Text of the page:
THE GREATEST narrative paintings of the nineteenth century are operas on canvas. The Execution of Lady Jane Grey by Paul Delaroche is a stunning example. Although Delaroche was French, he specialized in scenes from English history. Christopher Wood writes in Victorian Paintings that Delaroche and others helped launch a craze for narrative history among the Victorians.
These pictures all caused a sensation at the time, with their combination of accurate costumes, realistic settings and a strong sense of drama. The Execution of Lady Jane Grey could indeed represent the final scene of an opera. The success of these pictures sent English historical painters scurrying off to study their history books, consult costume experts and pore over books of old engravings… Victorian history paintings did for the nineteenth century what the epic film was to do for the twentieth.
These historical paintings were distinctive in that they tended to focus on intimate moments in the lives of the famous, rather than grand scenes, and were in accord with the Victorians’ love for what Thackeray called “a gentle sentiment.” What is most interesting in Delaroche’s painting of 1833 is the way he portrays a child-like quality of the blindfolded Jane Grey, who is illuminated by gold light and reaches out into the darkness with her hand as if to grasp at support or something solid, and the emotions of those who were with her. One feels as if one is viewing an intensely private moment.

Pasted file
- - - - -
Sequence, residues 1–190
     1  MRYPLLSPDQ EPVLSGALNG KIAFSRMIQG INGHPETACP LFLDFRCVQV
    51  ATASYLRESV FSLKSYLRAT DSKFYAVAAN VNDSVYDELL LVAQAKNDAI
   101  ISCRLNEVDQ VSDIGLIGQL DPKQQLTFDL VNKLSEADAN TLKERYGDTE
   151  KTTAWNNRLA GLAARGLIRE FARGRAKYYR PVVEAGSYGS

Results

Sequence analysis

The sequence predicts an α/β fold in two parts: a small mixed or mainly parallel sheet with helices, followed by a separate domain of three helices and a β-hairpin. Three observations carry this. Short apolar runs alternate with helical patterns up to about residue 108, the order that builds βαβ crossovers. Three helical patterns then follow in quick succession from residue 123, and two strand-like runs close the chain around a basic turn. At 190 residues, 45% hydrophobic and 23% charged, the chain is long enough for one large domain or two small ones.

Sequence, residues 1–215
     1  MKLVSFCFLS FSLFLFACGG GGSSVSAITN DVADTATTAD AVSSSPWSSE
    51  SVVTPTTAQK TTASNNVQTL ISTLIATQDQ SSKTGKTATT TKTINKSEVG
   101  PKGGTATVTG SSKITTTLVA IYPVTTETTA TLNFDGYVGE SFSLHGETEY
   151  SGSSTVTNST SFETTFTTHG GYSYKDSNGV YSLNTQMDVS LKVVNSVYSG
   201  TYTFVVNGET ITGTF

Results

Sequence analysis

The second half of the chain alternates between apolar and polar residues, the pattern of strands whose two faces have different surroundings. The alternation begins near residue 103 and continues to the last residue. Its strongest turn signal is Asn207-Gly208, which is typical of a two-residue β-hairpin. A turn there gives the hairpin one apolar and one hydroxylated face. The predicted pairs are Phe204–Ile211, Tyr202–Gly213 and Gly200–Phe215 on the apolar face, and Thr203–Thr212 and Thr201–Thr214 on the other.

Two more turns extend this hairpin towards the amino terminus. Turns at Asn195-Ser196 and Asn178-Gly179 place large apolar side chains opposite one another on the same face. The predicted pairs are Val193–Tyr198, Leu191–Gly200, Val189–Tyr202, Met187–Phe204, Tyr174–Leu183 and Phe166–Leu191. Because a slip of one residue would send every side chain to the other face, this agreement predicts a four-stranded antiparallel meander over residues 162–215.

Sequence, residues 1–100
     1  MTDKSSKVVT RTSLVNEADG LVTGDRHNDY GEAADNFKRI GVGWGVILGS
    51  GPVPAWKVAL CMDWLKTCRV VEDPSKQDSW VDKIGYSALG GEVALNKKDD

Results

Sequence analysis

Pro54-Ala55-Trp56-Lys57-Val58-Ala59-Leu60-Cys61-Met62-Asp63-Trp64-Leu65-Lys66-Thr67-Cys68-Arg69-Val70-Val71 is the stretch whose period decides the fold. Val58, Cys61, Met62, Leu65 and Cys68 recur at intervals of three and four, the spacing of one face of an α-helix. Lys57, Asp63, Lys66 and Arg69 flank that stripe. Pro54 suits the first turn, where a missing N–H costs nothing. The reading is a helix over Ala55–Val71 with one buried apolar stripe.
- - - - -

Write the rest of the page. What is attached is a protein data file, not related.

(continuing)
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Hurricane Betsy writes:
I read the analyisis on Wikipedia, which describes several serious inaccuracies in the details of the execution scene. You may find this an interesting read. Yes, I know, I know, the artist might have done this intentionally. Or maybe not. In any case, this is pretty unnerving stuff. She was just a girl, for God’s sake. So many things to look at in this painting.
That’s a good point that I should have mentioned originally. This is not an historically inaccurate scene, just as historical operas are rarely true to the details.